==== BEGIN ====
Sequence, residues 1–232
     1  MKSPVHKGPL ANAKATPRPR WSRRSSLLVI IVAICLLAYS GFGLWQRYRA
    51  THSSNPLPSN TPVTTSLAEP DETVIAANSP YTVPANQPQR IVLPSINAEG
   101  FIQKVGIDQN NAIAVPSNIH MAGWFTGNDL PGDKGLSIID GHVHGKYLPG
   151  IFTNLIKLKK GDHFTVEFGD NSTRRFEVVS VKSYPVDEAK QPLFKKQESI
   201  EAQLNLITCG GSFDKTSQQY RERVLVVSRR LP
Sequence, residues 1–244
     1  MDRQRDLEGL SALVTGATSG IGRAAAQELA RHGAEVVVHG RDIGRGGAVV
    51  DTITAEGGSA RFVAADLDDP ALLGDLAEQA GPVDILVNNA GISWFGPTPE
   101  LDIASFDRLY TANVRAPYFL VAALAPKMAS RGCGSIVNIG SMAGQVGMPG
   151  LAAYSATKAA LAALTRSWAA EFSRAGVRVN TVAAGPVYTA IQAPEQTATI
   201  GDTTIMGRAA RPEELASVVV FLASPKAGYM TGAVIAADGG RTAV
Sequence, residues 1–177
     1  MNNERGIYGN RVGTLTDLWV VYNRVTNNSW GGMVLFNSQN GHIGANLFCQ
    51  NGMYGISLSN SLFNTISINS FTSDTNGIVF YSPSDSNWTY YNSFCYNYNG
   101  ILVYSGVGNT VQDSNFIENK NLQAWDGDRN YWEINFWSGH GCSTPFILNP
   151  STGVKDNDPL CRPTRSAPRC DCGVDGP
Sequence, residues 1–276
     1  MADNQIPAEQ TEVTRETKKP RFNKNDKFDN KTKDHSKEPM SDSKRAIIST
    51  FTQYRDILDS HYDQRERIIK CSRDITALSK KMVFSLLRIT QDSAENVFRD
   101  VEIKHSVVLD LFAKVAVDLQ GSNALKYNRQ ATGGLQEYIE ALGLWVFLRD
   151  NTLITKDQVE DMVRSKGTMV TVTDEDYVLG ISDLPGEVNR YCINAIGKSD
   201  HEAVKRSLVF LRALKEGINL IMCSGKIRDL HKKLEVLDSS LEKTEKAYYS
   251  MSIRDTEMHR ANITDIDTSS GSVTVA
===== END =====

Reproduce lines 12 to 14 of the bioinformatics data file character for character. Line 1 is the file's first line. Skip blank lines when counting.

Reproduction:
   201  GDTTIMGRAA RPEELASVVV FLASPKAGYM TGAVIAADGG RTAV
Sequence, residues 1–177
     1  MNNERGIYGN RVGTLTDLWV VYNRVTNNSW GGMVLFNSQN GHIGANLFCQ